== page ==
The blinding light of the sun was replaced a pair of sunglasses put over his eyes. He was sitting in a car with the top down. He looked over and saw Walling grinning as he turned the car on. The seat rumbled and was then followed by the squealing of tires as they shot forward on to the main road. “Magical theory is a bit disorientating at first because you are essentially being drenched in magic. Did you ever remember a time when you suddenly got a stomach ache and you blamed it on the food you were eating? There was a chance that because you were magically sensitive – you actually ran across one of us doing something or had bad fish. The feeling will pass the more you are exposed to it.” Jonathan looked out to the road and felt his stomach begin to lurch as it seemed like they were going well pass a hundred miles an hour while dodging cars on the road. The buildings and the road signs were nothing by blurred images and flashes of odd images and colors as they sped by.

The car then came to a sudden halt – throwing Jonathan forward. If it were not for the seat belt – he would have thought of himself flying through the window – screaming with shards of glass in his face – and heading straight toward a tree at a hundred miles an hour.

His thought train was broken, “However, you would be going less than a hundred miles an hour because of the loss of momentum with going through the glass, as well as what you were wearing. Not to mention – do you realize how bad it would be for me to have to explain the boss why you were taking a dirt nap.” Jonathan looked up – the banner on the front of the gaudy yellow building was sun bleached but he could read something about a two for one special. Walling got out of the car, “Come ‘on Daniel-son – you need to put some chow in your gut before we get to the stuff that will really make you sick.” He grinned and headed inside with Jonathan following.

They sate and ate – or rather, Jonathan watched as Walling consumed a large burrito, four tacos and a helping of chips and salsa. He had to force down two of the tacos in order to prevent his stomach from expelling whatever bile was conjured within. Walling kept giving the serving girl cheesy one liners that caused her to roll her eyes in irritation. The waitress’s name was Sarah – or at least according to the worn name badge on her vest. Jonathan wondered how much of Walling’s food hit the floor or worse before making it to his plate. He stayed silent for the most part. When the waitress initially came – she had a look of irritation and for a second – he almost thought he heard her question about his condition and if he was going to be sick. However, her mood changed with each trip and she regarded him with a sympathetic eye. When the check came – Walling left a fifty on the table as well as his phone number. “Rule 16 Fisher – if the food is good – you can always find a way to make service better,” and headed outside – another trail of the bitter mint flowing out of in his mouth. Jonathan felt his stomach slowly righting itself. He gave a small wave of thanks to the waitress and headed out.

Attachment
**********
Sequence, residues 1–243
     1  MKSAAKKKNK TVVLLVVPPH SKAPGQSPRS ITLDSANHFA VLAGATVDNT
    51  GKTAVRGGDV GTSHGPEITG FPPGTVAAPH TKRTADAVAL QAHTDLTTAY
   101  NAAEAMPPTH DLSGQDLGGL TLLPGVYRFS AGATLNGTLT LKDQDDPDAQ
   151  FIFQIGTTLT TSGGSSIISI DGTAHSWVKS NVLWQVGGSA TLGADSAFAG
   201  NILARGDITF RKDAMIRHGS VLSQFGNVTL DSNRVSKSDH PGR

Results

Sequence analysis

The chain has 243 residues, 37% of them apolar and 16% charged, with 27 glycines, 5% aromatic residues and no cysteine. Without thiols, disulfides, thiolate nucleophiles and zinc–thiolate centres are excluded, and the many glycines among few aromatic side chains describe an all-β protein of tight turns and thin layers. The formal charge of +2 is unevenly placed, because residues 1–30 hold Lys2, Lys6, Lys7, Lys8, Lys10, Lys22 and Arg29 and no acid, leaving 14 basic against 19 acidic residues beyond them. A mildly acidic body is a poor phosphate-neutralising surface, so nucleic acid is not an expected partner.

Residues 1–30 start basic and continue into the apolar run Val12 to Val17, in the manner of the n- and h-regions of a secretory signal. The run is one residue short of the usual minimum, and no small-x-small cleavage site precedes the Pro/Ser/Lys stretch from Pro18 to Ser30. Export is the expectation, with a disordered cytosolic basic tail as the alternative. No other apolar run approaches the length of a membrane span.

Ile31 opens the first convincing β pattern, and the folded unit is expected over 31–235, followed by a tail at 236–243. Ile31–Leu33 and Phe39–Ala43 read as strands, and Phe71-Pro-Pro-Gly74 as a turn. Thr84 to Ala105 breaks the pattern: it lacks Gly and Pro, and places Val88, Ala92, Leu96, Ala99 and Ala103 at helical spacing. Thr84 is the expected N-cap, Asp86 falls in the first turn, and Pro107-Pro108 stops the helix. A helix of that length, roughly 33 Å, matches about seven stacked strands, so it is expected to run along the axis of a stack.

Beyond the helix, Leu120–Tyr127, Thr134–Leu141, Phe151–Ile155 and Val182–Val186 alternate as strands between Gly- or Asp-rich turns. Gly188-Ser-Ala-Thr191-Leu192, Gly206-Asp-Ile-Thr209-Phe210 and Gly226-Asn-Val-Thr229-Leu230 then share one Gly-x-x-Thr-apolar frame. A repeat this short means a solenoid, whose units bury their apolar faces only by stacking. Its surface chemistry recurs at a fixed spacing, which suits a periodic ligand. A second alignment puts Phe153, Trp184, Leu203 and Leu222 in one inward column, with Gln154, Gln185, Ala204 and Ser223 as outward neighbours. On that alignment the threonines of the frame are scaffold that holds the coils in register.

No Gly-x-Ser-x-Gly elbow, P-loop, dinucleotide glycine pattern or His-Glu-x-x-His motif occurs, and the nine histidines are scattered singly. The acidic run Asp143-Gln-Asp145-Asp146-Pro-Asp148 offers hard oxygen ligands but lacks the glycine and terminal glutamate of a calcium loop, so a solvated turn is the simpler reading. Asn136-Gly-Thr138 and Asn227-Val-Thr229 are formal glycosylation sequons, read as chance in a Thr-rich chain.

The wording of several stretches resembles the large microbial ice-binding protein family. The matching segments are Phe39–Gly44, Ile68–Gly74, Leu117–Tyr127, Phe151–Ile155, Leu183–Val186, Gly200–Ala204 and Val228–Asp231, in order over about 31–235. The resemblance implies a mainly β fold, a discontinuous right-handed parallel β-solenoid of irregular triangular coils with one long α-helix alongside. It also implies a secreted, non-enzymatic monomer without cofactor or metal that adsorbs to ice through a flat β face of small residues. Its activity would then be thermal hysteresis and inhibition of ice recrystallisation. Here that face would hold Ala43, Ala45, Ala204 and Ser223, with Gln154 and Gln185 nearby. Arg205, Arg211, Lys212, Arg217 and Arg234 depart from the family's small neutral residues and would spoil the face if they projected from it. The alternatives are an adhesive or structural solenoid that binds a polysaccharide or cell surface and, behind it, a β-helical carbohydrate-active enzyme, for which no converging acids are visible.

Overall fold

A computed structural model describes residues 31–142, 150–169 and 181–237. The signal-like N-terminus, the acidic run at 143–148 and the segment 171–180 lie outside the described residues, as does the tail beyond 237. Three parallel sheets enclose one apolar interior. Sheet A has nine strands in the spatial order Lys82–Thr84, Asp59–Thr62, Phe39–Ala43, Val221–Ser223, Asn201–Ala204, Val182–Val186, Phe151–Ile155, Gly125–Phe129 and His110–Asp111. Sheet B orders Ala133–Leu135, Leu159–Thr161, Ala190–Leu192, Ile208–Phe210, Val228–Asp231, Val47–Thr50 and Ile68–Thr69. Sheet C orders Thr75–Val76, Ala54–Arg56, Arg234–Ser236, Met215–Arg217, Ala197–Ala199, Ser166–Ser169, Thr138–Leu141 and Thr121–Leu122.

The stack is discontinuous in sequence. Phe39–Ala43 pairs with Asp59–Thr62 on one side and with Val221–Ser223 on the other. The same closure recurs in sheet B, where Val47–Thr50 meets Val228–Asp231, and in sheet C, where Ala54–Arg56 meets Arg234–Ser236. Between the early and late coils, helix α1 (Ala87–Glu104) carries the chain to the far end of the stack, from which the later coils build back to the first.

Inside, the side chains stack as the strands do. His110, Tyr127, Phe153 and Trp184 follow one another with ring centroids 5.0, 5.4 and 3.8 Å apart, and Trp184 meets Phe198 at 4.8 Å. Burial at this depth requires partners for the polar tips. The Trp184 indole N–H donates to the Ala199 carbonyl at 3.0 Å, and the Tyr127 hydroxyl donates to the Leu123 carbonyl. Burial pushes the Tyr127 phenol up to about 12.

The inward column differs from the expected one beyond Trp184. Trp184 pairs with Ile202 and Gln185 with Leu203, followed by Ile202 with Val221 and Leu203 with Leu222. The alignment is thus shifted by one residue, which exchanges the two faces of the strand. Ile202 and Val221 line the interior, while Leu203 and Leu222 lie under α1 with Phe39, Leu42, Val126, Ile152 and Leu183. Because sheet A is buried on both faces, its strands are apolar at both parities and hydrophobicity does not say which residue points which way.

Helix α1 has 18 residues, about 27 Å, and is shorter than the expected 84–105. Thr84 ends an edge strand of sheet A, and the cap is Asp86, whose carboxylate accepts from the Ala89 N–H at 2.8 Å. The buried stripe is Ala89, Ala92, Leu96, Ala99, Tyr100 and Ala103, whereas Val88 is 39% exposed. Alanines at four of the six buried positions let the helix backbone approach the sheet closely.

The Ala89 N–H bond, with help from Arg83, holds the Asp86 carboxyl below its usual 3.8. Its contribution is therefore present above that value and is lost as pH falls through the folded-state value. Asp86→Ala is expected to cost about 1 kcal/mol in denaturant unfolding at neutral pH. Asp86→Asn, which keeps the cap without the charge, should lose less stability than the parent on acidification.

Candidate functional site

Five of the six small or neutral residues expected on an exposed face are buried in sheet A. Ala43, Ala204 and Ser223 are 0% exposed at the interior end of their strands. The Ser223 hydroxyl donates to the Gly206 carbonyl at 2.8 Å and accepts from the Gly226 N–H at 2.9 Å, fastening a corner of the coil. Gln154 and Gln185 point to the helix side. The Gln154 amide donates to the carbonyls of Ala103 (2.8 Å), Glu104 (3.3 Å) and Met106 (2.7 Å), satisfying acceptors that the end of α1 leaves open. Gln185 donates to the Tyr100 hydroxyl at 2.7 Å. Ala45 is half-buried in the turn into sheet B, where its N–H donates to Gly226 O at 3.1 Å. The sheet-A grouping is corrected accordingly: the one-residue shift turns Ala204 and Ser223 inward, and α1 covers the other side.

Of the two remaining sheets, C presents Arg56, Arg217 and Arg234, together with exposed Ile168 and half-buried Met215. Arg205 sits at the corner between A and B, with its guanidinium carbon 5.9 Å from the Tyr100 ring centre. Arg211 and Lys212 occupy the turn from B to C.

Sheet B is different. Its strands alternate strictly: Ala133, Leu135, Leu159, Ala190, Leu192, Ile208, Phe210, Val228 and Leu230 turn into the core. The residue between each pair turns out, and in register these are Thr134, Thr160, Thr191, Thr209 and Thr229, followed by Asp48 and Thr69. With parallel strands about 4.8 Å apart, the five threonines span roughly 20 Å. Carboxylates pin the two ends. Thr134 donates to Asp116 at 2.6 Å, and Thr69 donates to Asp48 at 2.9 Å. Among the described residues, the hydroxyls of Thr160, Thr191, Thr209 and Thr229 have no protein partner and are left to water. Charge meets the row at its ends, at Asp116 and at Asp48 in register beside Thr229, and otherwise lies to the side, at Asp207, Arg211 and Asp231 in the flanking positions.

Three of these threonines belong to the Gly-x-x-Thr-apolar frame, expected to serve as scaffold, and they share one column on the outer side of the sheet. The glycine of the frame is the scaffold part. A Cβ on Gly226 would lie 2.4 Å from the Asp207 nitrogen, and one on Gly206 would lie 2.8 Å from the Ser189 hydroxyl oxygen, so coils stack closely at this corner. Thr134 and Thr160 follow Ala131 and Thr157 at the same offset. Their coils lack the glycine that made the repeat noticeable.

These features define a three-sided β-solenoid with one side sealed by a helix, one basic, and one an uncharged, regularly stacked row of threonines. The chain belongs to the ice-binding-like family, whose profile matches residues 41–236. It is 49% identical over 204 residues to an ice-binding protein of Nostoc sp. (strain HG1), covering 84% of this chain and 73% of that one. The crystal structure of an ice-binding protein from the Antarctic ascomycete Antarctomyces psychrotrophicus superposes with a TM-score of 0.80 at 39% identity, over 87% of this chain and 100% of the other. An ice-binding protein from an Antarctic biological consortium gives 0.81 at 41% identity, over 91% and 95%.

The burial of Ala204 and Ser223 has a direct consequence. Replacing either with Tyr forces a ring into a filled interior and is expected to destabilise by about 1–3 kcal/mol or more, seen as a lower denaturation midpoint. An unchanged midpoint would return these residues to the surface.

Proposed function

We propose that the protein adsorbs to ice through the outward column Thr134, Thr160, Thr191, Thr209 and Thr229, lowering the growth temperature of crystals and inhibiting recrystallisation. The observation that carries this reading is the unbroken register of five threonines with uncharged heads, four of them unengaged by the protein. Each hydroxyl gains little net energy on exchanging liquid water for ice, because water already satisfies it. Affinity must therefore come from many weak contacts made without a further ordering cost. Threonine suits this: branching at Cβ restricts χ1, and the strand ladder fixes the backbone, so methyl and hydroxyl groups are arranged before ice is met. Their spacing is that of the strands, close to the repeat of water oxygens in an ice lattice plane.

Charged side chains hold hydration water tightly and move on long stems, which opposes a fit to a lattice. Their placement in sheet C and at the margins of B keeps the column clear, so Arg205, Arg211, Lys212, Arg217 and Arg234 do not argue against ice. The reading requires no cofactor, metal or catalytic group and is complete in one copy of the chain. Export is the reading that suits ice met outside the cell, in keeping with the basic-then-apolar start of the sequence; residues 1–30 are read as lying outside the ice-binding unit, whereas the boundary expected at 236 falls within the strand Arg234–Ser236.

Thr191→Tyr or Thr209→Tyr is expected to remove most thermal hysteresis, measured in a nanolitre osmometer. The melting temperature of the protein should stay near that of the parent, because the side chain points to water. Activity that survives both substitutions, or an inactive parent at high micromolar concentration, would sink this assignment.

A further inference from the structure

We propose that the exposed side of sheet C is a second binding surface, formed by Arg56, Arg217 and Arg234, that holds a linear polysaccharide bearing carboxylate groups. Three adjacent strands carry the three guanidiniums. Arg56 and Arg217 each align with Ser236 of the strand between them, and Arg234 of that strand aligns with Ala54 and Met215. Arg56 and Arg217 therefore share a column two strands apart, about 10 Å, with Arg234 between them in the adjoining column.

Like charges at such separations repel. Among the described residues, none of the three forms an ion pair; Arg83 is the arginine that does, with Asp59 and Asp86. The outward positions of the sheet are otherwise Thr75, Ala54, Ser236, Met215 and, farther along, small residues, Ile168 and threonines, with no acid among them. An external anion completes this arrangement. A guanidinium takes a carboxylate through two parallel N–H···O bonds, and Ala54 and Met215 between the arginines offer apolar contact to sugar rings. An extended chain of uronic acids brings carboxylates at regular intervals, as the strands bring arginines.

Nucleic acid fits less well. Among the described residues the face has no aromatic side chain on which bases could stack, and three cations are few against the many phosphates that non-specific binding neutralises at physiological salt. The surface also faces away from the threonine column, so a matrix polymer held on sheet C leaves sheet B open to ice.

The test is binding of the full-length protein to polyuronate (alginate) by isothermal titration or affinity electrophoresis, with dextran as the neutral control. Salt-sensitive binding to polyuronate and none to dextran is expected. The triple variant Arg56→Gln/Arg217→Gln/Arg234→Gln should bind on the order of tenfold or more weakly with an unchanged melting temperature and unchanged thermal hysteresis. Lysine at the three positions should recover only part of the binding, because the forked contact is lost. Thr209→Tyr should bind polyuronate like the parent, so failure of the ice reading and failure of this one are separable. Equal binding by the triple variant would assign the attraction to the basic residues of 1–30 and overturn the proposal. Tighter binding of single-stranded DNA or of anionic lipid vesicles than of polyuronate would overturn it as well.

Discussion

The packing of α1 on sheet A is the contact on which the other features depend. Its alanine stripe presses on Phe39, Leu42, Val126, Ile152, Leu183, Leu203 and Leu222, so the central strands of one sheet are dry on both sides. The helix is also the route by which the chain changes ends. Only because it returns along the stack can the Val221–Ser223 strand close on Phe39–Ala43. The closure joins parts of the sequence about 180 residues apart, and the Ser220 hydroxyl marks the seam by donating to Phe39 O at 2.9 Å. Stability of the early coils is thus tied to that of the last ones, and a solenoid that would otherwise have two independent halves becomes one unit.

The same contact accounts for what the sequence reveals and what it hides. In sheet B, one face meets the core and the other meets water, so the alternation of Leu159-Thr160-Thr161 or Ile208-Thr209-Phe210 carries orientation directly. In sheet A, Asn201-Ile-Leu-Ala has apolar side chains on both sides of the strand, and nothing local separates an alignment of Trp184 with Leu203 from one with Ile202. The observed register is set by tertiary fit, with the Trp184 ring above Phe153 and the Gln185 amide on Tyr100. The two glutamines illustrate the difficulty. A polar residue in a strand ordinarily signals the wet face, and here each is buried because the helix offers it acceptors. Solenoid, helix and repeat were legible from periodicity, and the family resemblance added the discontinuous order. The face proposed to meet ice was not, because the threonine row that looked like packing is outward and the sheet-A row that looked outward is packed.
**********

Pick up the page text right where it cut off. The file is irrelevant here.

“Simply put – all magic is like snow or play-dough if you prefer. It is a raw unformed mass of energy – much like Tee probably taught you. Each other has a certain size gas tank when it comes to carrying around said mass of energy…which is ironic. Get it? Mass – energy, awe come on!” Jonathan just stared at him blankly.

Walling just shook his head and sighed.